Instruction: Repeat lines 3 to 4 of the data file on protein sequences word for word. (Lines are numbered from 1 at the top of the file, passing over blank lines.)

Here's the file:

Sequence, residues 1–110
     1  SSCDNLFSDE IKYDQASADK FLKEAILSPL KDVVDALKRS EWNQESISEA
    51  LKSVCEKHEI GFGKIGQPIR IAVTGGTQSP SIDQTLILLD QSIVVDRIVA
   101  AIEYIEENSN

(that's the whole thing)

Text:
    51  LKSVCEKHEI GFGKIGQPIR IAVTGGTQSP SIDQTLILLD QSIVVDRIVA
   101  AIEYIEENSN